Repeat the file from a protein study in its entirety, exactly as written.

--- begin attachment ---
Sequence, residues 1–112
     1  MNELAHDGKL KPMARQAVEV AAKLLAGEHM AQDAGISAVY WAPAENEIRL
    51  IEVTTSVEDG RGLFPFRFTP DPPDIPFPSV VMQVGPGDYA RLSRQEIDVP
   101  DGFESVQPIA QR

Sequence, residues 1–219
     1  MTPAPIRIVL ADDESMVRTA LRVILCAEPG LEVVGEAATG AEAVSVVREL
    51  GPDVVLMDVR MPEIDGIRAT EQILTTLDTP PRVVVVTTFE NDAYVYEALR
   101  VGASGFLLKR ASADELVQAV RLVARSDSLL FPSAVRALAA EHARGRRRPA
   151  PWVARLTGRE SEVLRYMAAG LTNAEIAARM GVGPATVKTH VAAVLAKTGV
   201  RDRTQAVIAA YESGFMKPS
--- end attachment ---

Sequence, residues 1–112
     1  MNELAHDGKL KPMARQAVEV AAKLLAGEHM AQDAGISAVY WAPAENEIRL
    51  IEVTTSVEDG RGLFPFRFTP DPPDIPFPSV VMQVGPGDYA RLSRQEIDVP
   101  DGFESVQPIA QR

Sequence, residues 1–219
     1  MTPAPIRIVL ADDESMVRTA LRVILCAEPG LEVVGEAATG AEAVSVVREL
    51  GPDVVLMDVR MPEIDGIRAT EQILTTLDTP PRVVVVTTFE NDAYVYEALR
   101  VGASGFLLKR ASADELVQAV RLVARSDSLL FPSAVRALAA EHARGRRRPA
   151  PWVARLTGRE SEVLRYMAAG LTNAEIAARM GVGPATVKTH VAAVLAKTGV
   201  RDRTQAVIAA YESGFMKPS